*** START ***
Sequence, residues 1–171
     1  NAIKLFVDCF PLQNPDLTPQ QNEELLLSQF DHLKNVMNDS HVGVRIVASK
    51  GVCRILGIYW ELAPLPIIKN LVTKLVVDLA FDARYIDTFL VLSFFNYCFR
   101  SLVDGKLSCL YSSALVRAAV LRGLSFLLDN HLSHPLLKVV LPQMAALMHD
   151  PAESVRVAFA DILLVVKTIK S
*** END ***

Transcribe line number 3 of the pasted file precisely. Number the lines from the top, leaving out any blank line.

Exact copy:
    51  GVCRILGIYW ELAPLPIIKN LVTKLVVDLA FDARYIDTFL VLSFFNYCFR